(5) Sensing: Relates to the extracellular environment.
- Aid in circulation by ensuring that oxygenated blood is supplied throughout the body by acting as a bridge between veins and arteries
- Critical to the exchange of substances between the blood and the interstitial fluid (takes place across the walls of capillaries)
o Some substances are carried across the capillary wall in vesicles that form on one side by endocytosis and release their contents on the opposite side by exocytosis
o Small molecules, such as O2 and CO2, diffuse across the endothelial cells or, in some tissues, through microscopic pores in the capillary walls
o Porous openings in fenestrated capillaries provide the route for the transport of small solutes such as sugars, salts, and urea, as well as bulk flow of fluid into tissues driven by blood pressure within the capillary
- Smallest (about one cell layer thick) and most numerous type (there are networks of capillaries throughout the body called capillary beds/capillaries have the largest total cross-sectional area) type of main blood vessel
- Very thin (with sometimes porous) walls constructed from an inner layer of endothelium and the basal lamina
- Very low blood pressure is needed with capillaries and this can be regulated by rings of smooth muscle located at the entrance to capillary beds called Precapillary Sphincters or by contraction/dilation of the smooth muscle in an arteriole
- Movement of fluid between the capillaries and surrounding tissues is controlled by blood pressure (which tends to drive fluid out of the capillaries, this is the stronger force so there is a net loss of fluid) and the presence of blood proteins (which tends to pull fluid back, osmotic pressure)
- Reabsorption in the proximal tubule is critical for the recapture of ions, water, and valuable nutrients from the huge volume of filtrate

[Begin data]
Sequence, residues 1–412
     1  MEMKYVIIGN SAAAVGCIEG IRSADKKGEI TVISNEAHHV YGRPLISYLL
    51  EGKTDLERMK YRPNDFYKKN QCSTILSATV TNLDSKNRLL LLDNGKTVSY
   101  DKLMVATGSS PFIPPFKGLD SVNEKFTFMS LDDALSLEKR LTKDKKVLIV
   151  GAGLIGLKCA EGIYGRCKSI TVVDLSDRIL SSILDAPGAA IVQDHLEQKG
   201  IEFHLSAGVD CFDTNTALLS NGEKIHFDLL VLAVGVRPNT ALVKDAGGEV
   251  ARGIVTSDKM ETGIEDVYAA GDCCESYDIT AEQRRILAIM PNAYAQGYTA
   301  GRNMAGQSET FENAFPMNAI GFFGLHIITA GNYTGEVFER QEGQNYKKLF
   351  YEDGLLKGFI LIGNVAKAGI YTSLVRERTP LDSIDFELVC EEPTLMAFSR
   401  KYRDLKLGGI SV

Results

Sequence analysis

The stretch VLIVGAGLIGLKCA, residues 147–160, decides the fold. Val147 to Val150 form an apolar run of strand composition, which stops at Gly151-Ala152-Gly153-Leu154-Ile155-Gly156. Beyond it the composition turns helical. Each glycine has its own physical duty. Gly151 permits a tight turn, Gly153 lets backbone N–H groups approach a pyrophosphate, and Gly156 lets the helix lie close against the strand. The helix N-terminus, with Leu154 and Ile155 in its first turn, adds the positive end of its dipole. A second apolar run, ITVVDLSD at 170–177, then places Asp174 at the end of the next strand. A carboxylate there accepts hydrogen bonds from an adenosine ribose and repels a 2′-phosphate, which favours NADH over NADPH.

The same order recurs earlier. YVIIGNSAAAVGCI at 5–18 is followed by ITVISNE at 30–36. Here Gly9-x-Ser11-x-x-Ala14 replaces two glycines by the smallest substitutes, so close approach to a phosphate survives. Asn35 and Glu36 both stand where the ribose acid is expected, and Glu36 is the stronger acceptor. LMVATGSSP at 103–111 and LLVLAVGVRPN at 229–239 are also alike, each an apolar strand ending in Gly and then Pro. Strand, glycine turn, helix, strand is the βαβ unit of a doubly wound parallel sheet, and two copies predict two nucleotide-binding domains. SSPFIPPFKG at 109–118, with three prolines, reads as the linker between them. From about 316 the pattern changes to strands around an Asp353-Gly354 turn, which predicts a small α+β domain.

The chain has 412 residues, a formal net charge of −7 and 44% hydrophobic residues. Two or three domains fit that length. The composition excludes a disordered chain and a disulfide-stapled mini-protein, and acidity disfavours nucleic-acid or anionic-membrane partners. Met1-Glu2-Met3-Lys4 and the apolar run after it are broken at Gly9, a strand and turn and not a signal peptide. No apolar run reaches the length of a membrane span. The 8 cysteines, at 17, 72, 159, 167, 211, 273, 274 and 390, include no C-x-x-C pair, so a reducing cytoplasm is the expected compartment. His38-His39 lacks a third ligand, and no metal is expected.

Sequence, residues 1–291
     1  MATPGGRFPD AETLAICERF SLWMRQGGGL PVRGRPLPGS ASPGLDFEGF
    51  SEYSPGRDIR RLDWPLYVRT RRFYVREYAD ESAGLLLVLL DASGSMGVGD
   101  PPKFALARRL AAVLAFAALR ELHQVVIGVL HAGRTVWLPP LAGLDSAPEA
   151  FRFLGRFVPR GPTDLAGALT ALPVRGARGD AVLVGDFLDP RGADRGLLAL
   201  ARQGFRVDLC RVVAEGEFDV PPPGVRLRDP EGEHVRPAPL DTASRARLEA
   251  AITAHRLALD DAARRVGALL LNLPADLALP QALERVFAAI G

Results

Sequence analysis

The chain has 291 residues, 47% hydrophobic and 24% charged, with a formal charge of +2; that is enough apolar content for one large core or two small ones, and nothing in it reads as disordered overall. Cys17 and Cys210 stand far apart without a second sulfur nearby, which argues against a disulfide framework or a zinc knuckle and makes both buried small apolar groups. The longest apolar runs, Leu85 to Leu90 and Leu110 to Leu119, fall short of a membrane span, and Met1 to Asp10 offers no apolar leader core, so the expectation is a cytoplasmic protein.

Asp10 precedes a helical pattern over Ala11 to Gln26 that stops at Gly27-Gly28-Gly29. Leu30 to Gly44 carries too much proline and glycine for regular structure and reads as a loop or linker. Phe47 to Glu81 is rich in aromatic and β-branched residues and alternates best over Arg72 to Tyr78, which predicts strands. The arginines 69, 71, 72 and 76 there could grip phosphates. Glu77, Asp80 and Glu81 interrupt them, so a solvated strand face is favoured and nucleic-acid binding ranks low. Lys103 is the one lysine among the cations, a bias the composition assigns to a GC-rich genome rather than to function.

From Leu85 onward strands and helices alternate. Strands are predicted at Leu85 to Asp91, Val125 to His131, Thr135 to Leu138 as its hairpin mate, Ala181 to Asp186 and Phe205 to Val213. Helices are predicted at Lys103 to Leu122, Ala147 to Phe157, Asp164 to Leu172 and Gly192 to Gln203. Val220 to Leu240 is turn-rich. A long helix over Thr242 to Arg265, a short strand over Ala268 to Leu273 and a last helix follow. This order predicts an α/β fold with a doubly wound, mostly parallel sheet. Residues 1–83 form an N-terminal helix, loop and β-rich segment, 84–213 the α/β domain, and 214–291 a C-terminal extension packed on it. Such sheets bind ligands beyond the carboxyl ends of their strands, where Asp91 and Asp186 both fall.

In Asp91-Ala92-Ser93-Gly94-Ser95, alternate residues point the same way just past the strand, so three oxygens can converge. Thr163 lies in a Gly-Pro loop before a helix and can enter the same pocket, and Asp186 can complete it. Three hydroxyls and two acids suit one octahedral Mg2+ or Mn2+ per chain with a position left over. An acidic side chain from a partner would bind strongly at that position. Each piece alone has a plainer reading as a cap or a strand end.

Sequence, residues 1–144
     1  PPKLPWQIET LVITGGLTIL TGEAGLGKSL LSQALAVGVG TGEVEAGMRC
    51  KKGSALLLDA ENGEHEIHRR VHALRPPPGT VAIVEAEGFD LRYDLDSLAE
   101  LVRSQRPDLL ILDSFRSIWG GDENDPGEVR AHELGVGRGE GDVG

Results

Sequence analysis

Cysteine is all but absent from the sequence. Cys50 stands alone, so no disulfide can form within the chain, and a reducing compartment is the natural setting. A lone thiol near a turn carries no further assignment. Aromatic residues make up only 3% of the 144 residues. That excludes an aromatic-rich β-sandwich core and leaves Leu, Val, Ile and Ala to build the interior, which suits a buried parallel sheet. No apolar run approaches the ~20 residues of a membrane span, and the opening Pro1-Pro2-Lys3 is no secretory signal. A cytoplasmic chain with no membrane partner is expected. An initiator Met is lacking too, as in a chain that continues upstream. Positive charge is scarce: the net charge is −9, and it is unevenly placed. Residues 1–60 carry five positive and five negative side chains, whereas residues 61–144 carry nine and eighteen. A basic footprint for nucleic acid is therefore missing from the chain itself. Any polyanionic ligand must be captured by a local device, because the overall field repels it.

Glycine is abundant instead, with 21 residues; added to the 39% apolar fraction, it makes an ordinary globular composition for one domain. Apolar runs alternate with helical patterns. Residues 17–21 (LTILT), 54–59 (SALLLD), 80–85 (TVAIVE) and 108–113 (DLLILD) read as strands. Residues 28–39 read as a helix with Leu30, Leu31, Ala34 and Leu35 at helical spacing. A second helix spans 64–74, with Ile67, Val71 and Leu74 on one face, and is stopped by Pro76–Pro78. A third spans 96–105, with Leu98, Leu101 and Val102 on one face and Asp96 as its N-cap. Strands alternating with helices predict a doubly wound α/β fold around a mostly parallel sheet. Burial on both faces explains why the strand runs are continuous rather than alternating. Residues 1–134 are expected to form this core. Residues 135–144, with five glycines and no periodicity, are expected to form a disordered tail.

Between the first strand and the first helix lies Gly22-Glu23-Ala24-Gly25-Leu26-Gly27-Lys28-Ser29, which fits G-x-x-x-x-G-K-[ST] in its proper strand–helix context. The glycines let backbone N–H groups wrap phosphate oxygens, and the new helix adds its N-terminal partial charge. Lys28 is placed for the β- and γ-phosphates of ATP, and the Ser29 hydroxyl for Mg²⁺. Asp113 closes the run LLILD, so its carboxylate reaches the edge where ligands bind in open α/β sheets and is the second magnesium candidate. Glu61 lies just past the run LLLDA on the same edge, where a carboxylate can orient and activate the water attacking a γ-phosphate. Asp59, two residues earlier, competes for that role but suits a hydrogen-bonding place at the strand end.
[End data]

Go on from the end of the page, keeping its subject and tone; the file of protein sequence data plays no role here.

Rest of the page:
- NaCl in the filtrate diffuses into the cells of the transport epithelium, where Na+ is actively transported into the interstitial fluid
- This transfer of positive charge out of the tubule drives the passive transport of Cl-, as well as the movement of more Na+ from the lumen into the cells of the tubule wall by facilitated diffusion and cotransport mechanisms
- As salt moves from the filtrate to the interstitial fluid, water follows by osmosis (the salt and water then diffuse from the interstitial fluid into the peritubular capillaries)
- Glucose, amino acids, potassium ions, and other essential substances are also actively or passively transported from the filtrate to the interstitial fluid and then into the peritubular capillaries
- Processing of filtrate in the proximal tubule helps maintain a relatively constant pH in body fluids
- Cells of the transport epithelium secrete H+ into the lumen of the tubule but also synthesize and secrete ammonia, which acts a a buffer to trap H+ in the form of ammonium ions
- The more acidic the filtrate, the more ammonia the cells produce and secrete (a mammal's urine usually contains some ammonia from this source)
- The proximal tubules also reabsorb about 90% of the buffer bircarbonate from the filtrate, contributing further to pH balance in body fluids
- Material to be excreted become concentrated (many wastes leave the body fluids during the nonselective filtration process and remain in the filtrate while water and salts are reabsorbed)